2013bModal existential wh-constructions as affordance descriptions. In Proceedings of Sinn und Bedeutung 17, Emmanuel Chemla, Vincent Homer & Grégoire Winterstein (eds), 563–580. [URL]> (30 January 2021)
Surányi, Balázs
2002Multiple Operator Movements in Hungarian. Utrecht: LOT.Google Scholar
2005Indefinite wh-pronouns and the modal existential wh-constructions in Hungarian. Abstract from the 7th International Conference on the Structure of Hungarian (ICSH7), Veszprém, May 2005.
Szabolcsi, Anna
1986From the definiteness effect to lexical integrity. In Topic, Focus, and Configurationality [Linguistik Aktuell/Linguistics Today 4], Werner Abraham & Sjaak de Meij (eds), 321–348. Amsterdam: John Benjamins. DOI logoGoogle Scholar
2005Overt infinitival subjects (if that’s what they are). In Organizing Grammar, Hans Broekhuis, Norbert Corver, Riny Huijbregts, Ursula Kleinhenz & Jan Koster (eds), 618–625. Berlin: De Gruyter.Google Scholar
2009aOvert nominative subjects in infinitival complements in Hungarian. In Approaches to Hungarian, Vol. 11: Papers from the 2007 New York Conference, Marcel den Dikken & Robert Vago (eds), 251–276. Amsterdam: John Benjamins. DOI logoGoogle Scholar
2009bOvert nominative subjects in infinitival complements cross-linguistically. In NYU WPL in Syntax, Irwin Rojas & Vázquez Rojas (eds). [URL]> (30 January 2021)
Szécsényi, Krisztina
2009On the double nature of Hungarian infinitival constructions. Lingua 119(4): 592–624. DOI logoGoogle Scholar
2018aPostverbal-only focus as evidence for biclausal structure in Hungarian. Jezikoslovlje 19(3): 481–508.Google Scholar
2018bControl and the left periphery: The scope and information structure properties of Hungarian infinitival complements with nominative, dative, and covert subjects. In Boundaries Crossed, at the Interfaces of Morphosyntax, Phonology, Pragmatics and Semantics [Studies in Natural Language and Linguistic Theory 94], Huba Bartos, Marcel den Dikken, Zoltán Bánréti & Tamás Váradi (eds), 279–295. Berlin: Springer. DOI logoGoogle Scholar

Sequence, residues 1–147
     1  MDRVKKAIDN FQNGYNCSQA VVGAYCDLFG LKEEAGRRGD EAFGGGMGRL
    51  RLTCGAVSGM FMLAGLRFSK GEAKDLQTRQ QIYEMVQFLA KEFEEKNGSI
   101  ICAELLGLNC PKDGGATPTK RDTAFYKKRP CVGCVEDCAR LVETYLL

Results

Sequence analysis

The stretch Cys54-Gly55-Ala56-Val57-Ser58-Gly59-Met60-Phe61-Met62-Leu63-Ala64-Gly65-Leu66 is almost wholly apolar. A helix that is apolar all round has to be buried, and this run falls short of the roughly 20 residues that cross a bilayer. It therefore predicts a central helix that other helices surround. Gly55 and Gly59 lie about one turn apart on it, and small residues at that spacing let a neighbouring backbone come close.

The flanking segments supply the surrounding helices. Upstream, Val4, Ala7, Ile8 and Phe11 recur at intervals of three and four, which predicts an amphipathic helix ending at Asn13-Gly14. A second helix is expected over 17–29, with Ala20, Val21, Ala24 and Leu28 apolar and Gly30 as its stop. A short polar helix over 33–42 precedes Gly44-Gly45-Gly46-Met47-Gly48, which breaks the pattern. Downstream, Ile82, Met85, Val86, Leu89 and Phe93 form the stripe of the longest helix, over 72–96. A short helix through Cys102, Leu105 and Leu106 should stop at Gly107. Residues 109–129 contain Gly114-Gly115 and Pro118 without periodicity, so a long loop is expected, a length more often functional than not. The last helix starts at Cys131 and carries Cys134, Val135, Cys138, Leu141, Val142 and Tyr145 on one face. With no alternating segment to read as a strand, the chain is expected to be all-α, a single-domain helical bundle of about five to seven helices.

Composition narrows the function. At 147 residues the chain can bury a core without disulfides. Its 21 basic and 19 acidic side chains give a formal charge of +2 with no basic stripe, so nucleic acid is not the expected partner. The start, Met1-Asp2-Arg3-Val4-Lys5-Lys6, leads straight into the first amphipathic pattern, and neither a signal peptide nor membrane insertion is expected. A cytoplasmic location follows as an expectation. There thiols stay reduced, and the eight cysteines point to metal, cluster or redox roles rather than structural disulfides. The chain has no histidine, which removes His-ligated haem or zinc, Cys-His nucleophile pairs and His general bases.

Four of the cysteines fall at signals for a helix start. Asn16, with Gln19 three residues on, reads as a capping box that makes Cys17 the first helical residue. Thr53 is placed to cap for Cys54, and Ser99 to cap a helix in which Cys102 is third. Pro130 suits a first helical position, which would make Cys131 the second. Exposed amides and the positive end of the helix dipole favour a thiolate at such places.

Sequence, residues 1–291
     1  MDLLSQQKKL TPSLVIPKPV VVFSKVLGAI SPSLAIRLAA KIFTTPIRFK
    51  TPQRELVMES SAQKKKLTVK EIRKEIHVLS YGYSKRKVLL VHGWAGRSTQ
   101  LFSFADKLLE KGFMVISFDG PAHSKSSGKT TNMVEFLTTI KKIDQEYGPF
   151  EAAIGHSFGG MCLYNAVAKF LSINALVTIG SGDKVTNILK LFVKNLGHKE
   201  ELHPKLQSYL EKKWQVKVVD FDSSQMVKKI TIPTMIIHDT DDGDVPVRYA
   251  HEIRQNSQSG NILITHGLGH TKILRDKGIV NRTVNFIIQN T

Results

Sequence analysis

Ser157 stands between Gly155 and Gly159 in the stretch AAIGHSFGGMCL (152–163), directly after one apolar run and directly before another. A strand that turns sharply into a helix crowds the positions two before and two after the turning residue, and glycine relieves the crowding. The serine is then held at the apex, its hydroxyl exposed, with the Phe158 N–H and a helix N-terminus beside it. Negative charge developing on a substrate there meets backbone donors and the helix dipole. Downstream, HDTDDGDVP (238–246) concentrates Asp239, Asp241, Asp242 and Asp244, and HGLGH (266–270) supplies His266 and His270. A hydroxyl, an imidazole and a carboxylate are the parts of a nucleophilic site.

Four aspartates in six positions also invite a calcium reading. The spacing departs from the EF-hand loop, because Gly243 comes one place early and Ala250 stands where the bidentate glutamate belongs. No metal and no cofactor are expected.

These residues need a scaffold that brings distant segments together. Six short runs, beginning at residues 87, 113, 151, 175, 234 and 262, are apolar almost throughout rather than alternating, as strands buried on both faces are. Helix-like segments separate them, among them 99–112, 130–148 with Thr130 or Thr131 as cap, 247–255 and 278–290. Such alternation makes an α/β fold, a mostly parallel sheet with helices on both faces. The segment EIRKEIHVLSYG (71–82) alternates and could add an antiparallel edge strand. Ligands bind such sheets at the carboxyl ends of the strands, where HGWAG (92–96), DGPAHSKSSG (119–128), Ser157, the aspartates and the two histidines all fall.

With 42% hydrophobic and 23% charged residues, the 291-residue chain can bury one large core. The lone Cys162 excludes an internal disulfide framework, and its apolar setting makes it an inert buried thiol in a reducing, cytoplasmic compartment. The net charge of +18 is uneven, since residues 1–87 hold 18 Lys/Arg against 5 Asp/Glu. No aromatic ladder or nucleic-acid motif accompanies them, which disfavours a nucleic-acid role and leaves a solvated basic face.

2018cInfinitival clauses with nominative subjects in European Portuguese and Hungarian: Only pronouns? In Para Óscar Lopes: Estudos de Linguística, Fátima Oliveira, António Leal, Fátima Silva & Purificação Silvano (eds), 215–239. Porto: Afrontamento.Google Scholar
Szécsényi, Krisztina & Szécsényi, Tibor
2017Definiteness agreement in Hungarian multiple infinitival constructions. In Language Use and Linguistic Structure. Proceedings of the Olomouc Linguistic Colloquium 2016, Joseph Emonds & Marketa Janebova (eds), 75–89. Olomouc: Palacky University.Google Scholar
2019I agrees with you: Object agreement and permissive hagy in Hungarian. In Language Use and Linguistic Structure. Proceedings of the Olomouc Linguistics Colloquium 2018, Joseph Emonds, Markéta Janebová & Ludmila Veselovská (eds), 79–97. Olomouc: Palacký University.Google Scholar
Tabatowski, Michael
2020Exceptional wh-movement: The case of the Hungarian modal-existential construction. In Proceedings of the 19th Meeting of the Texas Linguistics Society, Caitlin Coons, Zhe-Chen Guo, Seyeon Park & Elizabeth Wood (eds), 62–79. [URL]> (30 January 2021)
Tóth, Ildikó
2000Inflected Infinitives in Hungarian. PhD dissertation, Tilburg University.Google Scholar
Wurmbrand, Susi
2001Infinitives. Restructuring and Clause Structure. Berlin: Mouton de Gruyter.Google Scholar
2002Syntactic versus semantic control. In Studies in Comparative Germanic Syntax. Proceedings from the 15th Workshop on Comparative Germanic Syntax (Groningen, May 26–27, 2000) [Linguistik Aktuell/Linguistics Today 53], C. Jan-Wouter Zwart & Werner Abraham (eds), 93–127. Amsterdam: John Benjamins. DOI logo